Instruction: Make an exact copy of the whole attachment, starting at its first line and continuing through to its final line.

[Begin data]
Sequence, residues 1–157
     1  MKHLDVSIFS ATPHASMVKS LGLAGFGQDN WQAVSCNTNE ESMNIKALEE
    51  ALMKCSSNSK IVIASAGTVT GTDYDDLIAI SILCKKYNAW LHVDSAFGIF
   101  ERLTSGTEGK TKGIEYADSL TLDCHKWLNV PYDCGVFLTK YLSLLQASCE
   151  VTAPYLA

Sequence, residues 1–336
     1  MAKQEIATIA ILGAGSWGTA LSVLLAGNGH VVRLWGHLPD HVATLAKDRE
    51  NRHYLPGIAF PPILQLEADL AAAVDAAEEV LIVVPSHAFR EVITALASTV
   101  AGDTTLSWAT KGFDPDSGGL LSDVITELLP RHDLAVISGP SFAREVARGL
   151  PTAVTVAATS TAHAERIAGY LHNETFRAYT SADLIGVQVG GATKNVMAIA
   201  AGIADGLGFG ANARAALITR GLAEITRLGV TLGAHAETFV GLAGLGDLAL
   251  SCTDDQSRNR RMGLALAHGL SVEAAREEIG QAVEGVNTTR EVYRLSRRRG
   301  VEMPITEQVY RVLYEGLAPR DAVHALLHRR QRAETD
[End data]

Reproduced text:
Sequence, residues 1–157
     1  MKHLDVSIFS ATPHASMVKS LGLAGFGQDN WQAVSCNTNE ESMNIKALEE
    51  ALMKCSSNSK IVIASAGTVT GTDYDDLIAI SILCKKYNAW LHVDSAFGIF
   101  ERLTSGTEGK TKGIEYADSL TLDCHKWLNV PYDCGVFLTK YLSLLQASCE
   151  VTAPYLA

Sequence, residues 1–336
     1  MAKQEIATIA ILGAGSWGTA LSVLLAGNGH VVRLWGHLPD HVATLAKDRE
    51  NRHYLPGIAF PPILQLEADL AAAVDAAEEV LIVVPSHAFR EVITALASTV
   101  AGDTTLSWAT KGFDPDSGGL LSDVITELLP RHDLAVISGP SFAREVARGL
   151  PTAVTVAATS TAHAERIAGY LHNETFRAYT SADLIGVQVG GATKNVMAIA
   201  AGIADGLGFG ANARAALITR GLAEITRLGV TLGAHAETFV GLAGLGDLAL
   251  SCTDDQSRNR RMGLALAHGL SVEAAREEIG QAVEGVNTTR EVYRLSRRRG
   301  VEMPITEQVY RVLYEGLAPR DAVHALLHRR QRAETD